The novel coronavirus outbreak has put our world on lockdown and prompted business leaders everywhere to tell employees to take their laptops home to work, to prevent COVID-19 spread in the workplace.

Although multiple countries are preparing to open back up slowly, there is still no guarantee of when we will be back in the office. Some organizations and leaders have found success and rhythm to working from home, but some organizations are still trying to find balance in managing remote employees long-term. If your company is one of them — or you think it will be — this is what Brand Experts reveals about managing remote workers.

Individualization is key. The best managers have always individualized their coaching to the worker but doing so at a distance requires greater intentionality. Managers need to ask each team member to describe the conditions under which they perform best, their concerns about their workflow, and their emotional response to the situation.

Set expectations early and clearly. About half of all U.S. employees — remote or not — don’t know what’s expected of them at work. That’s a bad beginning, and it’ll get worse for employees sent home without good guidance. So managers must make expectations crystal clear: X is the work you should do, Y is the quality standard, Z is the deadline. Executives should provide higher-level expectations aligned with the company’s purpose: We’ll keep our customers engaged by doing X, we’ll maintain our standards by doing Y, we’ll fulfill our mission by doing Z: the more detail, the better.

This is also the best time for leaders to explore how to use technology in communicating with their teams. That’s how people will meet the expectations you set.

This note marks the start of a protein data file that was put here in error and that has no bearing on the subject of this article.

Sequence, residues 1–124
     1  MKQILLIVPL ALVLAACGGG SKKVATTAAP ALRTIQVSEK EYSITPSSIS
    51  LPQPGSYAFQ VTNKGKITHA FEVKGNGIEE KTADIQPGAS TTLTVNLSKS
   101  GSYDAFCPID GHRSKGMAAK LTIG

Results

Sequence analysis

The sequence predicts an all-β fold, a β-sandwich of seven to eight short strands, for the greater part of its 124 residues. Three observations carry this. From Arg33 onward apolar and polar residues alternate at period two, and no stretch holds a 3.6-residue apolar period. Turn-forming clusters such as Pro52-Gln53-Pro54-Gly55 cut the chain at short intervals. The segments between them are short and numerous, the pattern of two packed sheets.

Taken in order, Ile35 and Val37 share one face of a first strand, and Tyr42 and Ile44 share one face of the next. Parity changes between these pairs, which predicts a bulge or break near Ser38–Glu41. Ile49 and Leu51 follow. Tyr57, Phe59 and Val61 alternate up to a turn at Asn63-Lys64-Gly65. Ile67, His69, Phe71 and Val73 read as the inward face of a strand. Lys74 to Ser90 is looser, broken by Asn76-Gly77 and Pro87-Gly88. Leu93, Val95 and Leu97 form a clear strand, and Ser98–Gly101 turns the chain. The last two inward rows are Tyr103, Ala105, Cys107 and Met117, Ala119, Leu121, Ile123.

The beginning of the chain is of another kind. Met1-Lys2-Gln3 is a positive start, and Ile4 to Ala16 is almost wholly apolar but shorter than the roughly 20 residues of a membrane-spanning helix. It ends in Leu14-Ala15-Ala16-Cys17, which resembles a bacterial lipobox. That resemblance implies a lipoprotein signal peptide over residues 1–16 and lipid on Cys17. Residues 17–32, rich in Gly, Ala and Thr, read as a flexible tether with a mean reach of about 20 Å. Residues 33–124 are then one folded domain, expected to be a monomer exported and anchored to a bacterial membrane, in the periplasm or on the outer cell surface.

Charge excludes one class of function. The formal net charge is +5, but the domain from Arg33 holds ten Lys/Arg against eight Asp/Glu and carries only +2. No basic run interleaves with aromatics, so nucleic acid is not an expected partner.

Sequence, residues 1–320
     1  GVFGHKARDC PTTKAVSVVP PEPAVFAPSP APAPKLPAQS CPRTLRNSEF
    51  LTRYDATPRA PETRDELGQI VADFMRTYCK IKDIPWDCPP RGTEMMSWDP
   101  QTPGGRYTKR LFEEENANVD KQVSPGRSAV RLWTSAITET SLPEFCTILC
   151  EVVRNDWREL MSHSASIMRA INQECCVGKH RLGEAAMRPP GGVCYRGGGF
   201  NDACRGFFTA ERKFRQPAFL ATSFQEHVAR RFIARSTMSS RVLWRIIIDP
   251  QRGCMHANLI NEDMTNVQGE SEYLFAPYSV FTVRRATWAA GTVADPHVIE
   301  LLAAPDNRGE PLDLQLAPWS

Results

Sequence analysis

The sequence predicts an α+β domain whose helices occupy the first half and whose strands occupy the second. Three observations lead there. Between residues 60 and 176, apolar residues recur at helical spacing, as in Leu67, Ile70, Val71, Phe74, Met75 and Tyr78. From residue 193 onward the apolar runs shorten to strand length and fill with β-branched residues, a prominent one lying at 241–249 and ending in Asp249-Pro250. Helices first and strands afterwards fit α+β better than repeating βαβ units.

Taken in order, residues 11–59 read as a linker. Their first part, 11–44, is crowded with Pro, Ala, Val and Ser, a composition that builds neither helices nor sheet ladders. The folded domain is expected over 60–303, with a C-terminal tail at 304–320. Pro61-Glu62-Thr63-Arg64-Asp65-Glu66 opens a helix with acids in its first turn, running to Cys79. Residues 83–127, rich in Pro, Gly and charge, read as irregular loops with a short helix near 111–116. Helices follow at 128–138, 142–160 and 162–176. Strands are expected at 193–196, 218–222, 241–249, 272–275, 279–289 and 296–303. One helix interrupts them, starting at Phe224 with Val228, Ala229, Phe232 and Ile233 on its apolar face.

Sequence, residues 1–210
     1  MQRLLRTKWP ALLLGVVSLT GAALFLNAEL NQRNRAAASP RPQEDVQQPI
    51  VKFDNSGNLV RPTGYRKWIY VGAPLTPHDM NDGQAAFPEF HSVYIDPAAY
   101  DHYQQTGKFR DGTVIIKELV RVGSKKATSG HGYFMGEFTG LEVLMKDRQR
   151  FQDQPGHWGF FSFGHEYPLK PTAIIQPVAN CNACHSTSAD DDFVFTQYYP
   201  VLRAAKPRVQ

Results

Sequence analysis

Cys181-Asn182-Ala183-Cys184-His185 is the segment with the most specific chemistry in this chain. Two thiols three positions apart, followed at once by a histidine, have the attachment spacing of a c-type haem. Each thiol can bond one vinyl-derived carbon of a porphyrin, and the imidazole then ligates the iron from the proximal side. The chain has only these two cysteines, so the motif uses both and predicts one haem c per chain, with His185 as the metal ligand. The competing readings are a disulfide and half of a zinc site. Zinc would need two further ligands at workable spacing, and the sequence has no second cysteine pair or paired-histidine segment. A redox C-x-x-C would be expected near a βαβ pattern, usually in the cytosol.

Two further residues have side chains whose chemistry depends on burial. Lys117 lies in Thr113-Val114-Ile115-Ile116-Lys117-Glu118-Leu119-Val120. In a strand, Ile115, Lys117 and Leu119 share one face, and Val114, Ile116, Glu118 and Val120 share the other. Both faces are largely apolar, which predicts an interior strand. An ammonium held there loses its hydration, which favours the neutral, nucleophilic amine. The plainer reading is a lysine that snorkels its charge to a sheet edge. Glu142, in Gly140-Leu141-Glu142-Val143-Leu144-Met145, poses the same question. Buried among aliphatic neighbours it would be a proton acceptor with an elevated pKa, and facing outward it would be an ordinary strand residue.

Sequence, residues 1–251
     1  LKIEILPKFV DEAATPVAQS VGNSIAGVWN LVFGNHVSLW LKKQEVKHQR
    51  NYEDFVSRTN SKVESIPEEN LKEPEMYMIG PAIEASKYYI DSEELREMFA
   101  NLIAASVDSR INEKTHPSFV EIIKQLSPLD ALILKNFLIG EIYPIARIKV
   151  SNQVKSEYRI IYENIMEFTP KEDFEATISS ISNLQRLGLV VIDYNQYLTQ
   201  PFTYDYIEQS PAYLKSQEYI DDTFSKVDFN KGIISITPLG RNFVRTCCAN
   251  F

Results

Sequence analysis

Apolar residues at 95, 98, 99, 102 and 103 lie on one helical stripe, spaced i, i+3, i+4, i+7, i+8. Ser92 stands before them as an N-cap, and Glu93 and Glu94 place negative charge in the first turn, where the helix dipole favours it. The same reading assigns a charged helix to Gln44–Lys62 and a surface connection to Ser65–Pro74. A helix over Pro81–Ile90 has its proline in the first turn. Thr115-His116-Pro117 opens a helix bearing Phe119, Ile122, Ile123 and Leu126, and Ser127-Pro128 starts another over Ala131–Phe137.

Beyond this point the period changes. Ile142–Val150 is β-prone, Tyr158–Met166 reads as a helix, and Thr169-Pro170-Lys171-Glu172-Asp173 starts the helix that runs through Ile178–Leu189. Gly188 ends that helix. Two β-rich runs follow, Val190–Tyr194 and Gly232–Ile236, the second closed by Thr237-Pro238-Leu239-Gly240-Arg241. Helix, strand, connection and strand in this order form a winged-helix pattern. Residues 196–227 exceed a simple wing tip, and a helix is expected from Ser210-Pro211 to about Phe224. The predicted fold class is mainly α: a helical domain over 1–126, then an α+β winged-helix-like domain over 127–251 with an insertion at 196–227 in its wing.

Communication. Employees who are accustomed to working in-house may feel cut off from the resources, information, or relationships they need to do their jobs well, so plan for more conference calls. It’s OK to pad socializing into the timeframe; indeed, it may be vital for people who need lots of interaction to keep their energy up. Managers will have to be diligent about — coaching communicating productively high performance requires frequent conversations, and there won’t be chance conversations in the hall.

But your staff needs to hear from you too, especially as economic fears worsen, to maintain their trust in leadership. Keep the lines of communication open, honest, and broad. Send emails or post videos about your reasoning, intentions, and expectations. Make it easy for managers to know your thoughts and contribute their own.

Support your managers: A sudden change in the practice of management can be hard on managers. They may worry about disruptions to the workflow they’re accountable for. Some may feel they have to be physically present to be good coaches, ensure that they can engage workers from a distance. Rather more negatively, there are still some managers who don’t trust workers they can’t see. All of them will have to manage workers in a new way and fast.

So, give them your support, both practical and emotional, during what may be a tough transition. Invest in management development and coaching ahead of the budget plan, and be affirming about the situation and understanding about altered deadlines. Just remember, your managers always need to know you have their back — but never more so than when they feel insecure.

Looking Ahead

Brand Experts finds that 43% of U.S. employees work remotely some or all of the time, and many, many studies show remote workers are more productive and profitable than in-house employees. So don’t worry — telework can succeed spectacularly. Although your company or church will have to learn quickly, your people may perform at levels that surprise you.

But don’t be surprised if they don’t want to come back to the office.

That percentage is about to explode, whether companies are prepared for it or not. So if you have to send people home to keep them safe, individualize, communicate, and set expectations so your managers can coach effectively during a crisis. But keep this in mind: While COVID-19 won’t be an issue forever, remote work will be. What you learn about leading a remote workforce now will likely become the best practice for your company later on. Are you a Leader Worthy of Follower.

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